Familiarity could definitely be a factor, but I think a more telling stat is his number of free throw attempts. When he gets to the free throw line five or more times Purdue tends to do really well. It means he is attacking and being aggressive instead of settling for threes. It could also just be as simple as him being in a cold streak right now and he is trying to shoot his way out of it.
I will be blunt: Carsen Edwards is capable of turning it on and dropping 120 total points in four games as he leads Purdue to its first Final Four in 39 years. He is also capable of going 4 of 23 in a second round loss to a lower seed.
Neither result would surprise me. He has the ability to get hot and just go off on a team and we have been waiting for that to happen these last 11 games. For whatever reason, it hasn’t happened. He has put up some decent scoring totals, but he has also had some of the worst games of his career at Indiana, at Maryland, and at Minnesota, when he tried to do too much.
How do you figure him out? Let’s look at his assist and turnover numbers during this same 11 game stretch:
2 assists, 7 turnovers vs. Minnesota (loss)
5 assists, 1 turnover at Northwestern (win)
1 assist, 2 turnovers at Minnesota (loss)
2 assists, 2 turnovers vs. Ohio State (win)
0 assists, 6 turnovers vs. Illinois (win)
2 assists, 5 turnovers at Nebraska (win)
4 assists, 1 turnover at Indiana (win)
2 assists, 7 turnovers vs. Penn State (win)
9 assists, 2 turnovers at Maryland (loss)
2 assists, 0 turnovers vs. Nebraska (win)
5 assists, 4 turnovers vs. Minnesota (win)
It is a very, very small sample size, but the college basketball season is a small sample size and tournament games get even smaller, but we saw peak Carsen and what we need from him for about two possessions at Northwestern last Saturday. Those possessions happened 67 seconds apart, but a struggling Carsen could have pulled up for a shot like he has many times. On consecutive possessions he found Eastern and Haarms for easy layups with excellent passes. Those plays extended a 54-47 Purdue lead on a timeout with 9:09 left to a 58-47 Purdue lead with 8:02 left. Purdue was in full control the rest of the way and Northwestern never got within 10 points again. Yes, it was against the worst team in the Big Ten, but it was two critical possessions where Carsen’s heroball tendencies, especially while he is struggling, could have taken over. He made the right call and turned a precarious situation into a walkover.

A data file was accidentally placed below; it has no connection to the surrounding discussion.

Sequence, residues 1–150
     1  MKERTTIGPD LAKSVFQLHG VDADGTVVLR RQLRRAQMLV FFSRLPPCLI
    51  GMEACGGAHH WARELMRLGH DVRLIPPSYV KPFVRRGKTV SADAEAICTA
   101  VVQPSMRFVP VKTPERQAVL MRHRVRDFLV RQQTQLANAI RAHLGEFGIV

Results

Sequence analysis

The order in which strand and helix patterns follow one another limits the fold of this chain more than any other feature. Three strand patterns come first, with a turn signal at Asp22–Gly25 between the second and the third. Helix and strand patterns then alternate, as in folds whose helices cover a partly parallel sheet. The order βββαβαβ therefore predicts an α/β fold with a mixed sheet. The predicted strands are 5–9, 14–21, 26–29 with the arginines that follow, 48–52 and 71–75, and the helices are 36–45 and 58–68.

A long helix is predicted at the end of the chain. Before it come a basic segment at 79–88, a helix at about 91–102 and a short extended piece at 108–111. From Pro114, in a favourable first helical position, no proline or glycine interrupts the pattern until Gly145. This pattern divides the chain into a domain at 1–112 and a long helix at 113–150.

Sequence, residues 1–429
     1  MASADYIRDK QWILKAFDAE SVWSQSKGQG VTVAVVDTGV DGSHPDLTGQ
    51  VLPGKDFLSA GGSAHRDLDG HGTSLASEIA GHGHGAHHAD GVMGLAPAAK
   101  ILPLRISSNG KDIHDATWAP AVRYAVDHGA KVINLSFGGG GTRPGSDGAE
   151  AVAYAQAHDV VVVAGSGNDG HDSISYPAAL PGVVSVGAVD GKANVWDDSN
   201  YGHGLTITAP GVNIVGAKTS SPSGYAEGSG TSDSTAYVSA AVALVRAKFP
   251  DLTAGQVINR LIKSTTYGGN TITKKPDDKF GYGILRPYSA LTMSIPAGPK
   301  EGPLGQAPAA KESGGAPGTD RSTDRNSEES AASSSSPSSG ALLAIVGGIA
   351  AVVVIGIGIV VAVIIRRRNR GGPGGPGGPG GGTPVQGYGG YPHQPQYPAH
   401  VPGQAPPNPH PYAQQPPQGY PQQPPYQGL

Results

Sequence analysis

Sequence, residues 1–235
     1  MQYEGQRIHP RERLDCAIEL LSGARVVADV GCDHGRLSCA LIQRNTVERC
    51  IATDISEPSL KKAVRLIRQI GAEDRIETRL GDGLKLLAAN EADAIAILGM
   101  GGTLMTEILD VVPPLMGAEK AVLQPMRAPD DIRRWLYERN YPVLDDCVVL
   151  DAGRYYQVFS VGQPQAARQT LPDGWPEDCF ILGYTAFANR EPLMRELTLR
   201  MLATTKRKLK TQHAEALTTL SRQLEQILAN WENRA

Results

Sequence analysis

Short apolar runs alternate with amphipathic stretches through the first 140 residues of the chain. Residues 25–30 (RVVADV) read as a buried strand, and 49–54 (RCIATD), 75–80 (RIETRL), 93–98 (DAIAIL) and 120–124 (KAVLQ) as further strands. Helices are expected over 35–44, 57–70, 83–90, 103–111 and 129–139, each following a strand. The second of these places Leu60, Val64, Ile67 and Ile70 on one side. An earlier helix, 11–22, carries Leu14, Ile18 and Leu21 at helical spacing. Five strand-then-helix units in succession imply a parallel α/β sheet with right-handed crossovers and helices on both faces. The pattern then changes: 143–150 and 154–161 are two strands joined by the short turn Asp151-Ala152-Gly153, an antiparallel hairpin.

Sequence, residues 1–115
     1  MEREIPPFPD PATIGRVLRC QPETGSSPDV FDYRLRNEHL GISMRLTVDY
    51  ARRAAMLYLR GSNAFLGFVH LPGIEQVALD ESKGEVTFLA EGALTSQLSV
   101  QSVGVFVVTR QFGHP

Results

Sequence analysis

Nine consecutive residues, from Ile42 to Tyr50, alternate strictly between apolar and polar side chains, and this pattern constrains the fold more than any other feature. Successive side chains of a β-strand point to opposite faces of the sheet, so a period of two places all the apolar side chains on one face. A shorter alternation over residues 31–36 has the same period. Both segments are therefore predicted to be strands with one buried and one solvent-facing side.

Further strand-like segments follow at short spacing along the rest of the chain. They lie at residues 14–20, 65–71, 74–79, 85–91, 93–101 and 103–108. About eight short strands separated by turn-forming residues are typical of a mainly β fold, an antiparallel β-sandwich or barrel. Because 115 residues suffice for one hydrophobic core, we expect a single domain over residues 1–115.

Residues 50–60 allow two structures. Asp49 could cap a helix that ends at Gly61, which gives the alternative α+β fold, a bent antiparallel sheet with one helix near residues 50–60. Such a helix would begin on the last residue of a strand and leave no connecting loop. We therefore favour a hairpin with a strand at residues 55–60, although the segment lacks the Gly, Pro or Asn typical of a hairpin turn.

How do you control that? What do you do? As a coach, you cannot possibly micromanage what a player does within a split second. Up 54-47 with 8:53 left does Carsen shoot a challenged jumper or does he see Nojel cutting to the basket and hit him for an open layup? That’s not on Matt Painter. In that moment, it is just Carsen.
Purdue has overachieved this year by winning a share of the Big Ten title. In that, it can underachieve by failing to reach the NCAA Tournament’s second weekend. Yes, that is a very complex statement, but it is true. So much of that relies on Carsen. Is this merely a slump he can break out of or is it who he is, trying to carry a team alone instead of playing to make all the pieces around him better?
The thing is, Carsen is more than capable of having a great tournament and ascending into the rafters as a Purdue legend. It is his time. For one last stats dive lets look at his six NCAA Tournament games to date:
vs. Vermont (80-70 win): 4-10, 2-4 3FG, 2-3 FT, 12 points
vs. Iowa State (80-76 win): 3-6, 0-3 3FG, 3-3 FT, 9 points
vs. Kansas (98-66 loss): 1-10, 0-5 3FG, 4-4 FT, 6 points
vs. Cal State Fullerton (74-48 win): 4-12, 1-4 3FG, 6-6 FT, 15 points
vs. Butler (76-73 win): 4-17, 3-10, 2-2 FT, 13 points
vs. Texas Tech (78-65 loss): 11-20, 4-9 3FG, 4-4 FT, 30 points
The Butler and Texas Tech games were the first examples of this iteration of Purdue basketball. They were without Isaac Haas. We Purdue had to go away from being post dominant and lean towards this more perimeter offense. Carsen was objectively great in that Texas Tech game while Dakota Mathias struggled and we only got 6 points from the bench. That is the type of Carsen game we need, combined with everyone else playing their roles as well as they have lately. He was efficient with a good balance between attacking and picking his spots for three. Can he do that for 3-4 games?
We will find out next week.